1. Ron Oertel

      they will be moving OUT of davis to west sacramento in the next few months.    They are already too big for inventopia, but since we don’t have DiSC yet,

      Is that right?

      How much rent will they be paying in West Sacramento, compared to what they’d pay at DiSC?

      but the employees he has who are almost all davis residents will end up getting into cars, driving across the causeway, and working in a neighboring city…

      How many employees are you referring to, here?  And if the company grows in West Sacramento (or even in Davis), how many of the NEW employees would live in Davis, compared to a cheaper locale?

      Have you ever thought about moving YOUR company to West Sacramento?  Seems like it would save a step.

       

       

      1. tkeller

        Have you ever thought about moving YOUR company to West Sacramento?  Seems like it would save a step.

         

        Its what AgStart did didnt they…

        Again.. the point of this entire DISC proposition is to keep valuable companies in Davis so that the economic activity happens IN davis… that is the ENTIRE POINT.     You might not care if company X sets up shop in Davis or woodland..  Then you are simultaneously saying that you don’t care about the economic health of the city…      Its fine to have that opinion, but I bet you might understand if I heartily disagree!

        So from a number of perspectives, keeping these companies in town is the better choice.  Better from an economic perspective for Davis, better from traffic and a tailpipe emissions perspective…

        And since you asked… the company is currently 16 people.  They will grow once they find more space… but I asked the CEO just a few minutes ago to confirm… he and about 3/4 of his team all live in Davis.

        So that is the real “choice” we are making here – if we really do care about vehicle miles, GHG emissions and our economy, then developing DiSC is the right call.   The alternative (by definition) sends these same companies elsewhere.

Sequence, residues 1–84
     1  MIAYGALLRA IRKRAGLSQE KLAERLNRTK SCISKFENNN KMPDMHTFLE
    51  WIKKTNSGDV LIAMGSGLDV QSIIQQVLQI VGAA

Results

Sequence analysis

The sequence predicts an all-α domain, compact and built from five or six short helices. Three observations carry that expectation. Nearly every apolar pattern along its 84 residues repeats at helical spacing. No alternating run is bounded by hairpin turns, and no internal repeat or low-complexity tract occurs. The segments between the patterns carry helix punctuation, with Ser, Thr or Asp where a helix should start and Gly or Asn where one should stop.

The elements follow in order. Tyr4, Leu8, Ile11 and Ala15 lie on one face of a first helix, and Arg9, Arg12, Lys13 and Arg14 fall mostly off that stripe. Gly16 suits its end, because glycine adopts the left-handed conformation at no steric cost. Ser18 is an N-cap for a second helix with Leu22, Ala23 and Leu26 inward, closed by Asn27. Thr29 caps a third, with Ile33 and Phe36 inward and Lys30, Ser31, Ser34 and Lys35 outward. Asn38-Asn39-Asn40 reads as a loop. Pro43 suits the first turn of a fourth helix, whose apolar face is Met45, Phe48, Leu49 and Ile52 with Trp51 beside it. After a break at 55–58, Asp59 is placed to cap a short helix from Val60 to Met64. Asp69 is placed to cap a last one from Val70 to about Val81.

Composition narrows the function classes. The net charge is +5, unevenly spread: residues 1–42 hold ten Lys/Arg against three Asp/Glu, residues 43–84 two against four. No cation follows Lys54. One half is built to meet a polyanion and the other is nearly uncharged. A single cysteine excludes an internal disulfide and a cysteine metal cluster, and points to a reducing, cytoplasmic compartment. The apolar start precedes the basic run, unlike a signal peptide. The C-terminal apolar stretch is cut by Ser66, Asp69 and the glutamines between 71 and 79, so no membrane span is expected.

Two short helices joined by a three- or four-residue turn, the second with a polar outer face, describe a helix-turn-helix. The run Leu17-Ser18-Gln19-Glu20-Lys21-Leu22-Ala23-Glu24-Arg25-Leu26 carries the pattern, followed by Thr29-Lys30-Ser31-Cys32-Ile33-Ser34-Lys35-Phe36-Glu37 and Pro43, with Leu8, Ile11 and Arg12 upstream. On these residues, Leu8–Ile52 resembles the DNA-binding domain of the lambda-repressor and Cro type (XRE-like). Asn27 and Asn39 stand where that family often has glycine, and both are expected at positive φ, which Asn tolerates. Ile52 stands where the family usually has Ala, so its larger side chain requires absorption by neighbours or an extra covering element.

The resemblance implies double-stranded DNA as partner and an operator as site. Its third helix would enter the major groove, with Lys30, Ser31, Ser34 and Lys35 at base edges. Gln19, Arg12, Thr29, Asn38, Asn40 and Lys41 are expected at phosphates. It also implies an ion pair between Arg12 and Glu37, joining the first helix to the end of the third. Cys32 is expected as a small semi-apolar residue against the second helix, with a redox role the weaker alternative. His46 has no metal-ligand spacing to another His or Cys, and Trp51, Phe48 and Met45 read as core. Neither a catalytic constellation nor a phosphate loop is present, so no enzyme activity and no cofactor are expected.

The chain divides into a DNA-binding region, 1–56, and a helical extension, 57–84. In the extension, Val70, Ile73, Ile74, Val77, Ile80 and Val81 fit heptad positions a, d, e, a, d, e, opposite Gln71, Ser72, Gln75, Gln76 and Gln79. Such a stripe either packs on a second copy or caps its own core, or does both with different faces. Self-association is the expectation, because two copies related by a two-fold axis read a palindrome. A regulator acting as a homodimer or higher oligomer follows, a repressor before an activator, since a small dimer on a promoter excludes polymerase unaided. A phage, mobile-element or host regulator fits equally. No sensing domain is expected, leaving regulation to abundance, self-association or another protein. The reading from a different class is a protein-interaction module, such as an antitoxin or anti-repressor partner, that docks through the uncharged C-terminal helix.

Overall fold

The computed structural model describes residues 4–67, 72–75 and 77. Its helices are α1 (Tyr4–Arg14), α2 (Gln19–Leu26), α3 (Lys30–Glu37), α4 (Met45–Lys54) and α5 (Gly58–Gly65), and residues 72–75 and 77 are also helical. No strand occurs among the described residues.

1. Ron Oertel

          And since you asked… the company is currently 16 people.  They will grow once they find more space… but I asked the CEO just a few minutes ago to confirm… he and about 3/4 of his team all live in Davis.

          Homeowners, are they?  Or, renters who’d be glad to move out?

          So that is the real “choice” we are making here – if we really do care about vehicle miles, GHG emissions and our economy, then developing DiSC is the right call.   The alternative (by definition) sends these same companies elsewhere.

          By far, new workers at DiSC (assuming it’s successful) are going to be commuting to the site.

          The EIR itself notes that Davis and surrounding communities are expected to absorb the 1,269 additional demand for housing units that DiSC won’t provide.  (Again, assuming it’s commercially-successful.)

          Not to worry, though – the “other half” of DiSC would likely be a housing development, along with Shriner’s, Palomino Place, the space inside of Mace curve, etc.

          I come at this with an entirely different point of view than you do.  My priority is to ensure that development stays within the Mace curve. And (as bad as it is on its own) this thing is just the beginning of a breach.